After strong gains last week, the Japanese yen has extended its gains on Monday. USD/JPY is trading at 138.23 in the European session, down 0.67%.
Yen jumps on China unrest
China has applied its Covid-zero policy with a heavy hand, but Covid cases continue to rise nonetheless. The mass lockdowns have triggered widespread protests, which some injuries reported. The unrest is likely to exacerbate supply-chain disruptions and dampen domestic demand, which has hurt risk appetite. This has resulted in flows to haven assets, such as the Japanese yen. USD/JPY dropped as much as 1% earlier today, but the dollar has managed to recover some of these losses.
The yen also received a boost after Bank of Japan Governor Kuroda said that the tightening labour market will push wages higher. Kuroda has long insisted that rising inflation has driven by import costs and the weak yen and is transient. Higher wages would indicate that inflation is sustained, which could result in the BoJ making some changes in its ultra-loose policy.
After a short trading week in the US due to the Thanksgiving holiday, the markets will have plenty of US events to digest this week. CB Consumer Confidence will be released on Tuesday, with the November report expected to dip to 100.0, down from 102.5. The key release of the week is nonfarm payrolls on Friday, which could have a major impact on the Fed’s decision to raise rates by 50 or 75 basis points at the December 14th meeting. Currently, the likelihood of a 50-bp hike is about 75%, versus 25% for a larger 75-bp increase. Investors are viewing a 50-point move as a dovish pivot, which has been putting pressure on the US dollar. Still, even a 50-bp hike would set a record for yearly rate hikes of 4.25%.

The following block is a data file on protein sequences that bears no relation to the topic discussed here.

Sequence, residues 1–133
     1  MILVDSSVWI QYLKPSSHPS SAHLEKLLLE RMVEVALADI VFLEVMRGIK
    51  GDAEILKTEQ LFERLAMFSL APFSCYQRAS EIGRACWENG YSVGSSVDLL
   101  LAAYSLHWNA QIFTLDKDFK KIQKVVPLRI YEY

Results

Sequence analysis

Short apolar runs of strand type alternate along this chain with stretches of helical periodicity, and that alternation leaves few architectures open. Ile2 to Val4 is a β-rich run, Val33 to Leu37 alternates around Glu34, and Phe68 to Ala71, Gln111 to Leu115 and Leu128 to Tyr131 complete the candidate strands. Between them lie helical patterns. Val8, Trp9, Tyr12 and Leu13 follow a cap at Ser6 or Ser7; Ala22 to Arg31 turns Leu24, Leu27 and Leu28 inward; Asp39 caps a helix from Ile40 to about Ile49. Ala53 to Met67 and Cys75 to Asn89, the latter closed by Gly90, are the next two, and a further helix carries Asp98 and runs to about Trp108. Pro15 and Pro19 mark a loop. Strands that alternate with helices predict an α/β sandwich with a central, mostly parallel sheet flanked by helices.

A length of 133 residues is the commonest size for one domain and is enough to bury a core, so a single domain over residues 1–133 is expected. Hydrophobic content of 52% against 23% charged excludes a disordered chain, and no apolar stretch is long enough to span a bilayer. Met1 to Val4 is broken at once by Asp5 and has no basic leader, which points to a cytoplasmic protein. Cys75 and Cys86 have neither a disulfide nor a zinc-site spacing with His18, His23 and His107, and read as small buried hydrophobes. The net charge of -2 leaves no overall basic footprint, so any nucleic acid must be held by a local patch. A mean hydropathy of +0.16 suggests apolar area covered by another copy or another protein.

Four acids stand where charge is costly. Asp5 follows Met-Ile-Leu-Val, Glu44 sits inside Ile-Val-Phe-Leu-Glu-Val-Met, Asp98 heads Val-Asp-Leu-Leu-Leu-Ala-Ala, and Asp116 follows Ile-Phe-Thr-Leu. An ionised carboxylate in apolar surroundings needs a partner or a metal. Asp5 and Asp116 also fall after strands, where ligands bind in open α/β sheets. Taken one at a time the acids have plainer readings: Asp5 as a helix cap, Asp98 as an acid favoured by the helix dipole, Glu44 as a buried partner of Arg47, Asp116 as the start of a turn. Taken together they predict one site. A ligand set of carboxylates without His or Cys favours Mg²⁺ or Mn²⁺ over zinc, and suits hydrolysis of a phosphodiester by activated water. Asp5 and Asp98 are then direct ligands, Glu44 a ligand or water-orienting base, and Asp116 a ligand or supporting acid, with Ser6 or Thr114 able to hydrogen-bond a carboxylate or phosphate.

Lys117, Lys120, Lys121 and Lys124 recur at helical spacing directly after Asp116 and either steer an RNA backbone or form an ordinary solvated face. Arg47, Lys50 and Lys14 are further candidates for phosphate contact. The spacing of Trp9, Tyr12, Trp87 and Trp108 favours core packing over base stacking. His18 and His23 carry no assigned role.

- There is resistance at 139.82 and 141.58
- There is support at 137.39 and 135.63
This article is for general information purposes only. It is not investment advice or a solution to buy or sell securities. Opinions are the authors; not necessarily that of OANDA Corporation or any of its affiliates, subsidiaries, officers or directors. Leveraged trading is high risk and not suitable for all. You could lose all of your deposited funds.